After many years of training dogs to heel for competition and high scores, I still had never perfected a method to teach dogs to simply walk politely on leash on casual, every-day walks.  Using clicker training, treats, old-fashioned leash-jerks and verbal corrections didn’t work very well when my dogs pulled on the leash.  Since I had always believed that dogs needed mostly a lot of off-leash running and playing, I took all of my dog walks off-leash, thinking this would wear them out the best, and give them much needed sniffing, zooming about, stick-chewing fun.  This works pretty well with dogs that are trained very well to come when called, but it really does nothing for the bond between you and them, and does not protect them from dangers like aggressive dogs, running deer, bears and wolves  approaching around a blind corner. (All of which we have run into many times over the years.)

When I first watched “The Dog Whisperer”, Cesar’s talk of the importance of “The Walk” and how it must be done was intriguing to me.  It took me two months of pondering, reading his books and watching him work with clients before I tried it myself.  It was so instantly transforming for my dogs, then for me, that I haven’t taken my dogs for simple undisciplined off-leash walks since!

The crucial points of “The Walk” are, that the dog sees you clearly as the leader:  you go through doors first, the dog walks beside or slightly behind you, and always walks carefully and human-speed down stairs (and slippery water ditches on logging roads!), the dog walks with respect and care when their human is gingerly navigating sheets of ice on the road.   Even more usefully, when the dog is walking, they do no engage loose dogs, dogs being walked by their owners, passing people, and other distractions.

What is different about Cesar Millan’s “The Walk”, compared to a simple command/reward heel behavior like I’d trained and taught to others over the years, is that in The Walk, the dog isn’t following a command, its brain actually switches into an entirely different “mode”:  The Follower Mode.  The head goes down, the topline relaxes, the tail relaxes.  They don’t stop to lift their leg every two minutes, they don’t hunt passing birds, they don’t rush hysterically up to approaching dogs and people.  Best of all – they DO NOT pull on the leash!  You can hold the leash with your pinky finger.  It’s relaxing, and it’s more fun than off-leash walking because your dogs are there with you, not running ahead of you, hunting for things to roll in or chase, 100 yards away.  It feels like great bonding, because it is!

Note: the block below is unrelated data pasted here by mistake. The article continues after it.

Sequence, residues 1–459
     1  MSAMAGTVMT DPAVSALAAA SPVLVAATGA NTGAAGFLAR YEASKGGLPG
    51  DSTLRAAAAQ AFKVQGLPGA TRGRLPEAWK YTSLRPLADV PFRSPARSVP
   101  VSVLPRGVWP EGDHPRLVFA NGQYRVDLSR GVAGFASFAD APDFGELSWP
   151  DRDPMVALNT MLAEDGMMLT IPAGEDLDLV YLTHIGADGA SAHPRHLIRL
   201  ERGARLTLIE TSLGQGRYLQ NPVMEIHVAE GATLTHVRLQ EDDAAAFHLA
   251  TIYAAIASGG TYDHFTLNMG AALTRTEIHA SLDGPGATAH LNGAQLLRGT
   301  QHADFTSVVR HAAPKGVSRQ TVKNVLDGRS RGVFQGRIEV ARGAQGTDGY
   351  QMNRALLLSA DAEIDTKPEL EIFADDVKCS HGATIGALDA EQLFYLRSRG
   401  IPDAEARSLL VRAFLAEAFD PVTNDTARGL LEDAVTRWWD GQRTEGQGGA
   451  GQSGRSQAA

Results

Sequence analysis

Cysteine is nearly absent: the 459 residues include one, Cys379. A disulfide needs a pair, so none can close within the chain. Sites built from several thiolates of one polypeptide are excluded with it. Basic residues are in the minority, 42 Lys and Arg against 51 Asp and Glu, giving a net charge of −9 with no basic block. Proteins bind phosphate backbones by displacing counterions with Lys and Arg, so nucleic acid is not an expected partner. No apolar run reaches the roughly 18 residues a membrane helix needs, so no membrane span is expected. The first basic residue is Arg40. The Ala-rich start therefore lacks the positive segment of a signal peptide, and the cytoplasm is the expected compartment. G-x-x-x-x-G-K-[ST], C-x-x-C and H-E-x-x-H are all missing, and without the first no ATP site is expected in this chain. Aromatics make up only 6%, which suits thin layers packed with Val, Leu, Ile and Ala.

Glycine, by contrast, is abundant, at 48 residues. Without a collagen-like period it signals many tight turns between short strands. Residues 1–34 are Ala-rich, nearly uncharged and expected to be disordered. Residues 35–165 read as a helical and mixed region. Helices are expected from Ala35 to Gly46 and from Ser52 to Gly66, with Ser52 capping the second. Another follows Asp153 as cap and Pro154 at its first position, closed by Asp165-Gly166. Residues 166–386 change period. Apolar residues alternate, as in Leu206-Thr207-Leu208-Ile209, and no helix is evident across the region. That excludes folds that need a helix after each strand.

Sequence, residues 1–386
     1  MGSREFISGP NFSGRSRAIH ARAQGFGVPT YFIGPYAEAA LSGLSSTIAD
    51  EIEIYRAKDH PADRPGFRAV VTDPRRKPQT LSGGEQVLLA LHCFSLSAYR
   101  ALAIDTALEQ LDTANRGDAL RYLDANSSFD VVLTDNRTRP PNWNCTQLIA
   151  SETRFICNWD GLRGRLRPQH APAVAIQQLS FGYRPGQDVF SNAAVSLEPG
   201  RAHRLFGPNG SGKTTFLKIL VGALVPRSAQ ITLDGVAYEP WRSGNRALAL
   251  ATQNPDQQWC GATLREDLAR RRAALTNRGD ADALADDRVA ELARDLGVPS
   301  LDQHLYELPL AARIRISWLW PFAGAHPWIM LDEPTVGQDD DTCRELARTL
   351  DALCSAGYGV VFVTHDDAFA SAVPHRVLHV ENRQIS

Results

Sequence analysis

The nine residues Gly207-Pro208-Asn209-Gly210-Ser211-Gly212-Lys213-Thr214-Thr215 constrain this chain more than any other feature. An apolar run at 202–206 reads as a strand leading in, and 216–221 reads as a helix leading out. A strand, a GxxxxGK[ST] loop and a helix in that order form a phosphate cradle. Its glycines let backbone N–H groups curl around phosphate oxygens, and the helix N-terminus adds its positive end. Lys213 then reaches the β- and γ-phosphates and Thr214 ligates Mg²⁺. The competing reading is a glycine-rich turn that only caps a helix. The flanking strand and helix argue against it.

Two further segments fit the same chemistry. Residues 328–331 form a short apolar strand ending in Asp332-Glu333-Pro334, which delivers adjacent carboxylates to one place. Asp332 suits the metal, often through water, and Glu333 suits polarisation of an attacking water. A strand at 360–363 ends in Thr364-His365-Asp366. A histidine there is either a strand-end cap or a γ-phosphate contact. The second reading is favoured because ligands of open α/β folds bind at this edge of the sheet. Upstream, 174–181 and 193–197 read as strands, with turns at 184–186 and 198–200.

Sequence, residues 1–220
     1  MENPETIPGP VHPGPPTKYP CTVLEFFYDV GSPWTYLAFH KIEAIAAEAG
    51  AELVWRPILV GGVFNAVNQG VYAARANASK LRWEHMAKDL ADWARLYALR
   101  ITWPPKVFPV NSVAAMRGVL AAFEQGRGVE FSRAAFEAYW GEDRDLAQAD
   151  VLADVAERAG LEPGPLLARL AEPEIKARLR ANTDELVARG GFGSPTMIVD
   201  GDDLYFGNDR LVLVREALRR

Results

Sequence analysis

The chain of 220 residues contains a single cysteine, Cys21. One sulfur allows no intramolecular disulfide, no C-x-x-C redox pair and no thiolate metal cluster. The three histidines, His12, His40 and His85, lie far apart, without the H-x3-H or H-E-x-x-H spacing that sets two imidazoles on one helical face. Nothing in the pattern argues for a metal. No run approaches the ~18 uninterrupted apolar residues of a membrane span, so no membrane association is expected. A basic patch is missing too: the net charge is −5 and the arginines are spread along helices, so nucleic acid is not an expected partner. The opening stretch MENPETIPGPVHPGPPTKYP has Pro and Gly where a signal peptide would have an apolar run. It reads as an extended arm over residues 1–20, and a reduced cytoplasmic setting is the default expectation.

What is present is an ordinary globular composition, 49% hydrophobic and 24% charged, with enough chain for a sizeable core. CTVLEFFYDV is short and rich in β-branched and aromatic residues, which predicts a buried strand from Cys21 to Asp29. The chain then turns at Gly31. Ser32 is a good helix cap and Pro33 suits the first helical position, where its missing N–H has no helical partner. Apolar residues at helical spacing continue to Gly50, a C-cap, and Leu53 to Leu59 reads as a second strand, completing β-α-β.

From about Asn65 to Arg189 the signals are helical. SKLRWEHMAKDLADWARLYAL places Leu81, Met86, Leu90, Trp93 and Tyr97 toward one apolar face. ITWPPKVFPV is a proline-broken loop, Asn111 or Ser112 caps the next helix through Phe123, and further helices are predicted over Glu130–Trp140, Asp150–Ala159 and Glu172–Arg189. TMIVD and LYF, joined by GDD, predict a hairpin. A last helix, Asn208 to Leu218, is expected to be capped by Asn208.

What the walk also does, is exercise the dog’s mind instead of just their body.  When they come home they are more worn out than with the off-leash running, because their entire being has been stretched and worked:  emotionally, mentally, physically.  When I walk my dogs we walk on-leash early in the morning for twenty minutes, then they sit quietly while I remove their leashes and Levi’s weighted backpack, then Levi gets to play tennis ball fetch for ten minutes while I have some tea, while Ludwig wants massages and a bit of fetch with little sticks.  Then, it’s back home for breakfast.  It feels so natural to them to go out as a pack and explore, or as Cesar says “migrate”, then return home to eat together – sort of mimicking a pack hunt.

We also do one other outing most days, before their dinner, sometimes a bike ride, sometimes a walk, sometimes a short walk to the beach for tennis ball fetching in the saltwater.

I’ll talk more about the fine points of The Walk, and Cesar’s crucial emphasis on how to live with a dog.

The crucial order to have balanced dogs:

First: exercise.

Second:  discipline

Third:  affection

More on the being the pack leader, using backpacks, how to get your dog to sit politely while preparing for walks, and some of the interesting, positive changes in my own dogs since starting “The Walk” in future posts.